Church House, Westminster, a historic and iconic location, is proud to announce a continuation of its innovative approach to combating climate change. In a ground-breaking initiative, Church House has become the first Grade II listed venue to use carbon-absorbing paint, reinforcing its commitment to sustainability and environmental stewardship.
The decision to implement carbon-absorbing paint is testament to Church House’s commitment to reducing its carbon footprint and contributing to a greener future. By actively seeking out and implementing sustainable practices, Church House aims to inspire other historic buildings and locations to follow suit.
The use of carbon-absorbing paint is a game changer in the fight against climate change. The revolutionary paint has been specially developed to capture and neutralize harmful carbon dioxide emissions. By applying this paint to surfaces in Church House, the site is actively contributing to reducing greenhouse gas emissions.
Church House, with its rich history dating back to the early 20th century, understands the importance of preserving our planet for future generations. By choosing carbon-absorbing paint, Church House ensures that its environmental impact is minimized while maintaining architectural integrity.
Graphenstone carbon absorbent paint is the result of extensive research and development, combining the power of graphene with lime (calcium hydroxide), calcium carbonates and titanium dioxide, which together create a super strong and highly conductive carbon allotrope, which allows the carbon dioxide from the environment to be captured and retained in the paint without off-gassing.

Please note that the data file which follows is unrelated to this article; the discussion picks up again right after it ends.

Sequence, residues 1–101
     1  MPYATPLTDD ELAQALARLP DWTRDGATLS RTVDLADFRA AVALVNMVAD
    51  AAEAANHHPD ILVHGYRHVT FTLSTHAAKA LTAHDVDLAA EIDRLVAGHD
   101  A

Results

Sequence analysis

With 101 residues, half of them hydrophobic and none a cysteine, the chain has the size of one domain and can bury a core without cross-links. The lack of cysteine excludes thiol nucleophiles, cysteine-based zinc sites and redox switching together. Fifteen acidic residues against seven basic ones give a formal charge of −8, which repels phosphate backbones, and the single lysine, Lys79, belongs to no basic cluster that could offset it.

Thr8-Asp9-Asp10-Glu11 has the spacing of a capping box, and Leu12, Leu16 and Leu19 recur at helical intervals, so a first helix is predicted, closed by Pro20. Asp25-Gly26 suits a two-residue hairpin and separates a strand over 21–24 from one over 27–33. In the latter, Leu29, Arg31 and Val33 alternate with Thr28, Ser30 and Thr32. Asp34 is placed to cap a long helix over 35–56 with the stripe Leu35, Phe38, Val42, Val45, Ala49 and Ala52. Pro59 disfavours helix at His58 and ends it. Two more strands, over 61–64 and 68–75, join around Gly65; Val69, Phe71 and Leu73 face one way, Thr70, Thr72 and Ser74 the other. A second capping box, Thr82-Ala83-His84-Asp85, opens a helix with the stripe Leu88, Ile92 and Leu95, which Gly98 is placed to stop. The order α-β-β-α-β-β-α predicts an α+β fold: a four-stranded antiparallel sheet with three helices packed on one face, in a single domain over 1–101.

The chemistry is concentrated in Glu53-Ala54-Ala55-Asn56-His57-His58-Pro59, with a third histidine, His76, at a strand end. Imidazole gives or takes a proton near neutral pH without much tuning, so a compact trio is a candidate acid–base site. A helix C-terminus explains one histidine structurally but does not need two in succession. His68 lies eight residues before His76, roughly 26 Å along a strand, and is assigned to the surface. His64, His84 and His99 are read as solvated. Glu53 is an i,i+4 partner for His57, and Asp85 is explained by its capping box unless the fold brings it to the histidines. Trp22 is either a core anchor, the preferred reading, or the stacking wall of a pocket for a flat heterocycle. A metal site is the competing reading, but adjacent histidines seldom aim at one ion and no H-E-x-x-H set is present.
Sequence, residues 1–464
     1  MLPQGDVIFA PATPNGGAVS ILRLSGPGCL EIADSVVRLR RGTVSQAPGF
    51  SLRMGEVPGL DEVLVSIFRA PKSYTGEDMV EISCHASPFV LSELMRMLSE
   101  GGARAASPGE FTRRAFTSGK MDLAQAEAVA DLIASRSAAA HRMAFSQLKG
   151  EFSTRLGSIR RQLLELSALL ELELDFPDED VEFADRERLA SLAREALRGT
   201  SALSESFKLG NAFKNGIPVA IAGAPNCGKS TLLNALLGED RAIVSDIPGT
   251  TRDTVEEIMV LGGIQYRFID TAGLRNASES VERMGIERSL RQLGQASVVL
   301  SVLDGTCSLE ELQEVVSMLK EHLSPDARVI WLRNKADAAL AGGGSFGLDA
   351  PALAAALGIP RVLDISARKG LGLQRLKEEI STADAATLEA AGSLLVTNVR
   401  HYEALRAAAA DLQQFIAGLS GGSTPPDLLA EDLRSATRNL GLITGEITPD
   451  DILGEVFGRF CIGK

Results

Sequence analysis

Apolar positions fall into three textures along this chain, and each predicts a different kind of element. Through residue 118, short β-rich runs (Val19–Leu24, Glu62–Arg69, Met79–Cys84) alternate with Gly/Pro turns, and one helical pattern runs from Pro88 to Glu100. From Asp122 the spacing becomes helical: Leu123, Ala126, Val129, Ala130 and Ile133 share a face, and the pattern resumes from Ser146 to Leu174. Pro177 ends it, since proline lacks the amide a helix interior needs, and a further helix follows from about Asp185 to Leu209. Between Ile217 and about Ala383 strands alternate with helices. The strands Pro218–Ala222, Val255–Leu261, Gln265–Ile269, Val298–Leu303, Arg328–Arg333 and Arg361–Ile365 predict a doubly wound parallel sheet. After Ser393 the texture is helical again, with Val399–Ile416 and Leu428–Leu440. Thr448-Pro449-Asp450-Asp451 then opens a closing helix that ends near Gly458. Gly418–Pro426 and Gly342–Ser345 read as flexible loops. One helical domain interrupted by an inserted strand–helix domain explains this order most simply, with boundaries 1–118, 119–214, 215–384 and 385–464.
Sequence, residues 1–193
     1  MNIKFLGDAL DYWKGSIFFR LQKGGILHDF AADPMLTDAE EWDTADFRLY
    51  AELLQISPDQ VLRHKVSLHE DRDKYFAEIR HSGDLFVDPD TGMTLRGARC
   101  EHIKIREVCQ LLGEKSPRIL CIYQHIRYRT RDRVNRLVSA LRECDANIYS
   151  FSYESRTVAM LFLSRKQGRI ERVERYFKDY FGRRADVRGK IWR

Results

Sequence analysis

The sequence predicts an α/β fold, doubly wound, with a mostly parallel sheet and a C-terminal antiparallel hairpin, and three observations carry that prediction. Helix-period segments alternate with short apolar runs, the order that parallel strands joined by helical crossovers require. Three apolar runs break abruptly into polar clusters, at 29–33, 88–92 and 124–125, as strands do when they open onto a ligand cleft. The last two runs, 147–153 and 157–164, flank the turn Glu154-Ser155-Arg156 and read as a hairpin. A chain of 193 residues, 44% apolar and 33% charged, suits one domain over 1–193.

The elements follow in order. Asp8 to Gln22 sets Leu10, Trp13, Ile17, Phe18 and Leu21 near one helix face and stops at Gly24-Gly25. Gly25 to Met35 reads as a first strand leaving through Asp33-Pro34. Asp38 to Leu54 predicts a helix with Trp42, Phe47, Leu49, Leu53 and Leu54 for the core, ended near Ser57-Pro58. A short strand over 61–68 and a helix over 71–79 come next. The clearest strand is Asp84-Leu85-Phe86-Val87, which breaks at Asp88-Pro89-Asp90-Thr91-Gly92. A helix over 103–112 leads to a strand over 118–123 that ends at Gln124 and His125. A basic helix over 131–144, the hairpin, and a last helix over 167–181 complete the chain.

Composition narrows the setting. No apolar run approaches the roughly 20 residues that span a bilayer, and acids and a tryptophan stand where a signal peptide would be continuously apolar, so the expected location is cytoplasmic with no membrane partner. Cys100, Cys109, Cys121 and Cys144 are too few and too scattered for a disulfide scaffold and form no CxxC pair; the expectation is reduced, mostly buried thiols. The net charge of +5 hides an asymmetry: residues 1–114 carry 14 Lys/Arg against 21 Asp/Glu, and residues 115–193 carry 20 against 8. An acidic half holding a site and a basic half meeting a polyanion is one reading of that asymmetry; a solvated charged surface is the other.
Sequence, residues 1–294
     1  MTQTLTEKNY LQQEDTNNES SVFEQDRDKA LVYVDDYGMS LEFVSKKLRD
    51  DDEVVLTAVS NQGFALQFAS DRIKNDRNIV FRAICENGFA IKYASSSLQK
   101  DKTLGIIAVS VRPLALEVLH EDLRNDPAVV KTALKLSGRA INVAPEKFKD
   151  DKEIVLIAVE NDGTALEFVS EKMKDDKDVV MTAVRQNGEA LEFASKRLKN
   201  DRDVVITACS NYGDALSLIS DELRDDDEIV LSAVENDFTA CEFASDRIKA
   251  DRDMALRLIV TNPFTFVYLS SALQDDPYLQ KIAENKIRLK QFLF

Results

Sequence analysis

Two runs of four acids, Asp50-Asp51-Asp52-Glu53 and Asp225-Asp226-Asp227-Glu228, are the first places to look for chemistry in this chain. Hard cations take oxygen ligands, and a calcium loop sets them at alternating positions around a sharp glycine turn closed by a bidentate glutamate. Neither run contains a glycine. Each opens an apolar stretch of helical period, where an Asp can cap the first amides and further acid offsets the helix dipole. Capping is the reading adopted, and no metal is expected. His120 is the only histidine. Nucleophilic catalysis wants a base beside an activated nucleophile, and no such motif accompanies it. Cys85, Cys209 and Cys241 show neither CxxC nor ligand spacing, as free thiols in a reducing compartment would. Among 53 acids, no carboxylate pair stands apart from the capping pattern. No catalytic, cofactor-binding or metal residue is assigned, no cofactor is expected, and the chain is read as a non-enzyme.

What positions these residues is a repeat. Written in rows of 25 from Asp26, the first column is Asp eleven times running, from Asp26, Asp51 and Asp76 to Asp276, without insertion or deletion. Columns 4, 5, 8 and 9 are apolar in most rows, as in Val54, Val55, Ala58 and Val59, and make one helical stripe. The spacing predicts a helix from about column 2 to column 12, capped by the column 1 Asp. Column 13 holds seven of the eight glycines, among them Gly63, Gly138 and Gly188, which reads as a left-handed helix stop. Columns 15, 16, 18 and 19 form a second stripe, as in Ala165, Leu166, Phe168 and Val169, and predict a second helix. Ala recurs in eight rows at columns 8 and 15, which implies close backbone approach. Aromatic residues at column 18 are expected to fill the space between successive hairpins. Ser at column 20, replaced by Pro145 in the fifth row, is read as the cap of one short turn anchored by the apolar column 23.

Carbon-absorbing paint not only contributes to a greener future, but also improves air quality within the venue. As the paint absorbs carbon dioxide, it simultaneously releases oxygen, creating a healthier and more refreshing environment for all guests and visitors.
Church House is excited to be leading the way in sustainable practices within the events and hospitality sector. By using carbon-absorbing paint, the site shows that sustainability and historic preservation can go hand in hand. This groundbreaking effort sets a new standard for historic buildings and serves as inspiration for others in the industry to prioritize environmental responsibility.
8.1 tons of CO2e saved by using Graphenstone Paints versus traditional brands
460 kg of CO2 absorbed from the interior of Church House.
That’s the equivalent of driving more than 48,000 km in a diesel caror travel from London to New York by plane, just over 8 times!
CEO of The Corporation of Church House, Stephanie Maurel, says:
“At Church House Westminster we are on a mission to work in the most sustainable way possible; and continually find new ways to help the environment through our working methods. By using Graphenstone paints that are naturally carbon absorbing and self-cleaning; we seize unique opportunities to reduce our ecological footprint. We see our status as a monumental building as an opportunity to highlight innovation in the field of sustainability; which shows that historic locations can also be environmentally friendly.”